Three of the four media outlets that received and published large numbers of secret NSA documents provided by Edward Snowden — The Guardian, the New York Times, and The Intercept –– have called for the U.S. government to allow the NSA whistleblower to return to the U.S. with no charges. That’s the normal course for a news organization, which owes its sources duties of protection, and which — by virtue of accepting the source’s materials and then publishing them — implicitly declares the source’s information to be in the public interest.

Zach Seward, senior vice-president of product and executive editor, explained the “conversational interface” behind the Quartz app at the ONA conference in Denver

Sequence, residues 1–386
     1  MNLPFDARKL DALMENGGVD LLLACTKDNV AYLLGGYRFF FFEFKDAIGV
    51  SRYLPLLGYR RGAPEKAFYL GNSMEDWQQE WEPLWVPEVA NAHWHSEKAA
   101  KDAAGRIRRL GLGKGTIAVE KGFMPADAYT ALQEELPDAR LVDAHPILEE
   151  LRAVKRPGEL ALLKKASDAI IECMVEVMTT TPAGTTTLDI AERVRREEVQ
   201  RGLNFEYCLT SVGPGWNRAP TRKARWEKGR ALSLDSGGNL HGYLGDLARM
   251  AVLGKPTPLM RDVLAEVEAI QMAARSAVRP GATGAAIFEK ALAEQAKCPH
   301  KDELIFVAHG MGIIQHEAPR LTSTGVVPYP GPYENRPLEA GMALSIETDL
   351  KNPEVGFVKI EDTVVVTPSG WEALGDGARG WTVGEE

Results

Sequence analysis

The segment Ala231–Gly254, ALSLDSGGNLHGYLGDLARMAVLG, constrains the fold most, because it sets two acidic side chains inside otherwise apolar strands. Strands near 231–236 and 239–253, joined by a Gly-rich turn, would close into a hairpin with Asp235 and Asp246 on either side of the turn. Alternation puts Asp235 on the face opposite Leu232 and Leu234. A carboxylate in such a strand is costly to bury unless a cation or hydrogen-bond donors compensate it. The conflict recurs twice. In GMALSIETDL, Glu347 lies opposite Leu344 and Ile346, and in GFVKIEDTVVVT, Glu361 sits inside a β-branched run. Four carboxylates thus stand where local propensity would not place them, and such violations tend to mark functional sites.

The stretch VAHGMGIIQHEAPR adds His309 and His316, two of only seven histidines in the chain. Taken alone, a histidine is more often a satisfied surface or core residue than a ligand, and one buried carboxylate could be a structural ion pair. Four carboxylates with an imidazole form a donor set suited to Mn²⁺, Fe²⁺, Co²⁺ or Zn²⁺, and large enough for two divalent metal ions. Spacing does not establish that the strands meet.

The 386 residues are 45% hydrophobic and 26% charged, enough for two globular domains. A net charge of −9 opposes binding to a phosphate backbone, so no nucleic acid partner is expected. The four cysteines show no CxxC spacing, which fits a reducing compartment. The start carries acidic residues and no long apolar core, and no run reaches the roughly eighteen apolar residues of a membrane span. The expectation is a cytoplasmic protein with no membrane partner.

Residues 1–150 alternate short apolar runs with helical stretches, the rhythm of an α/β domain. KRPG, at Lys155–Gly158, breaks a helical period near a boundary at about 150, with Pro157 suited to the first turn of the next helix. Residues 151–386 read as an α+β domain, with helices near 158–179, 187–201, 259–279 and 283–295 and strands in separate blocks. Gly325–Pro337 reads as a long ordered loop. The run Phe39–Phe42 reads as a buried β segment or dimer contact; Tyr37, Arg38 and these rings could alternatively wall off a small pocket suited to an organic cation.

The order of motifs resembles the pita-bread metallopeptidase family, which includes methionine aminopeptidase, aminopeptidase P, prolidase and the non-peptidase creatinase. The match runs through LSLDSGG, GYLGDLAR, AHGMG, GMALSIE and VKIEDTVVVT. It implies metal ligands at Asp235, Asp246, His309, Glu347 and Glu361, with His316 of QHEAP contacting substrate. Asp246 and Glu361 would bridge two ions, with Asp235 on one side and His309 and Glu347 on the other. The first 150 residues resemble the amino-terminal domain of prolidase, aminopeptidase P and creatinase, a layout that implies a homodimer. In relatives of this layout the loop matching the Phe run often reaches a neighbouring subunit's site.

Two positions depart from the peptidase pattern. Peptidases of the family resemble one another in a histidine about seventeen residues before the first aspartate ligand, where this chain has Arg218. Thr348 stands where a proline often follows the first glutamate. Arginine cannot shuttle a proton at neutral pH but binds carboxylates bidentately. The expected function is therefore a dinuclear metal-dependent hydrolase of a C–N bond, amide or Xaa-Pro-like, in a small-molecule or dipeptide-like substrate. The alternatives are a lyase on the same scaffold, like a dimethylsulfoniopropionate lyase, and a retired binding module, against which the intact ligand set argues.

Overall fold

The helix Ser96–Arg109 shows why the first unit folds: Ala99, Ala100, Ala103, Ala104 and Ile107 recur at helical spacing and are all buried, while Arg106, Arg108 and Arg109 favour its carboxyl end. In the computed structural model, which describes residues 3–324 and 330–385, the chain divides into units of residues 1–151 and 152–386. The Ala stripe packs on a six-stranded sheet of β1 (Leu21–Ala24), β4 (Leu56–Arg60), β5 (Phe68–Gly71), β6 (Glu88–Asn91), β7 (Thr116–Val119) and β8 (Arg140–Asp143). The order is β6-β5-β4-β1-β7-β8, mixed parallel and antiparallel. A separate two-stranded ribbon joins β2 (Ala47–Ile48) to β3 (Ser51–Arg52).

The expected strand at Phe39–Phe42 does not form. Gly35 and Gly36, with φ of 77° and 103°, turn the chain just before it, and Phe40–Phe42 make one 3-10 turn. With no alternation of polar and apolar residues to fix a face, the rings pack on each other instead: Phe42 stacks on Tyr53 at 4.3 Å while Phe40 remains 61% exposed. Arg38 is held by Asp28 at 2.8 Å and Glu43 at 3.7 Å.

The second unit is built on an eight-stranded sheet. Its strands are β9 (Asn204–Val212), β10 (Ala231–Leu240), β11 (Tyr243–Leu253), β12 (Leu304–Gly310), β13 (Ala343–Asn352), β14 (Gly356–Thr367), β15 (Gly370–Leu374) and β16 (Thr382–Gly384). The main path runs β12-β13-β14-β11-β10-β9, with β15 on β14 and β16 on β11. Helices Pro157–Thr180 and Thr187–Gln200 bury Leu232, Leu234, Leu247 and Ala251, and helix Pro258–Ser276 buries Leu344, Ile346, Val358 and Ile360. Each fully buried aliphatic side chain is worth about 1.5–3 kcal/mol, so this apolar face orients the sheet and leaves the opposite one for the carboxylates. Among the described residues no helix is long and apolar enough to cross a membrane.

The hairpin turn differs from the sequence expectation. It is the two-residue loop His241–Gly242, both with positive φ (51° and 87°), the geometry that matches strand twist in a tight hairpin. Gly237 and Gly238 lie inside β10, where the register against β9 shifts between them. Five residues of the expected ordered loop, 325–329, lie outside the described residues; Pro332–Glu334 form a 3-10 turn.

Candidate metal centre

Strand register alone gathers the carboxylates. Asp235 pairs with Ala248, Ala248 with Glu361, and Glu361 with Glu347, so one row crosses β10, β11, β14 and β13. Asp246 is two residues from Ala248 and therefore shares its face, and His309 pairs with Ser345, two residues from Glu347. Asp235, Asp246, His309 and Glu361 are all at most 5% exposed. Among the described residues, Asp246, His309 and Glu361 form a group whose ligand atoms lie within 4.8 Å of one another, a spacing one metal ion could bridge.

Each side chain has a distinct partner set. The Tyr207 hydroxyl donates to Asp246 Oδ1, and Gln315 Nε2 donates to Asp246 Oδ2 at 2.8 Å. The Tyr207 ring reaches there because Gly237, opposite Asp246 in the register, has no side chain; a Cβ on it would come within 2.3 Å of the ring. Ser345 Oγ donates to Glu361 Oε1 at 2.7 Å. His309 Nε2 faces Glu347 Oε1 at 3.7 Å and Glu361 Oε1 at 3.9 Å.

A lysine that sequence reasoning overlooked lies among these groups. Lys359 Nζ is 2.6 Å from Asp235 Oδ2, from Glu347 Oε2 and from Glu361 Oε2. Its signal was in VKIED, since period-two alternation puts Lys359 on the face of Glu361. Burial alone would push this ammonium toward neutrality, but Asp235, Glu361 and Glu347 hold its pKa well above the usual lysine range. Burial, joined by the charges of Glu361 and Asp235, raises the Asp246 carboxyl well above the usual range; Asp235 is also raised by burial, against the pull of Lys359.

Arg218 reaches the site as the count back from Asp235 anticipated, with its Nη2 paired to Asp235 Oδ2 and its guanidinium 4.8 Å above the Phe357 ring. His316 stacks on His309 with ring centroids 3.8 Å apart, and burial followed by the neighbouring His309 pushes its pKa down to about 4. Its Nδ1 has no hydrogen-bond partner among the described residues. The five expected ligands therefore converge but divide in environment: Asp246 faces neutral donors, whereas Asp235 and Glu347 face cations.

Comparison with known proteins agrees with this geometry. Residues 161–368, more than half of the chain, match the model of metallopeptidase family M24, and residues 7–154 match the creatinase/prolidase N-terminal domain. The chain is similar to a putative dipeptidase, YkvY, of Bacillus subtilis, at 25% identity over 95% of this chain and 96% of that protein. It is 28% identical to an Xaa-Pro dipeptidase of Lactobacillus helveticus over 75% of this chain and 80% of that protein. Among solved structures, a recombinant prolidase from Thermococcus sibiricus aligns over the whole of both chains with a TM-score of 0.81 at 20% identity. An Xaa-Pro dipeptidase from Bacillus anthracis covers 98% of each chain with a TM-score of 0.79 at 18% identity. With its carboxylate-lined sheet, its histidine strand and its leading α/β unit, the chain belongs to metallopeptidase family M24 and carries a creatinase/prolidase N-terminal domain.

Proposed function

Doxxing – the public posting of journalists’ personal information – is a real threat, especially to those writing about certain issues
The reported.ly team discussed how they approached eyewitness media and graphic content, speaking at the ONA conference in Denver

Gawken: The Gawker replacement you need to read

A satirical website has launched that will help you push through your grief over the loss of the anti-establishment hero, Gawker.

Looking for a guide to organise digital training in your newsroom, or an app for distributing news to your readers’ smartphones? This collection of tools has you covered
Algorithms Could Save Book Publishing—But Ruin Novels

From analyzing a book’s prospects to figuring out what subjects people are clamoring for, data is bigger in publishing than ever. But how much is too much?

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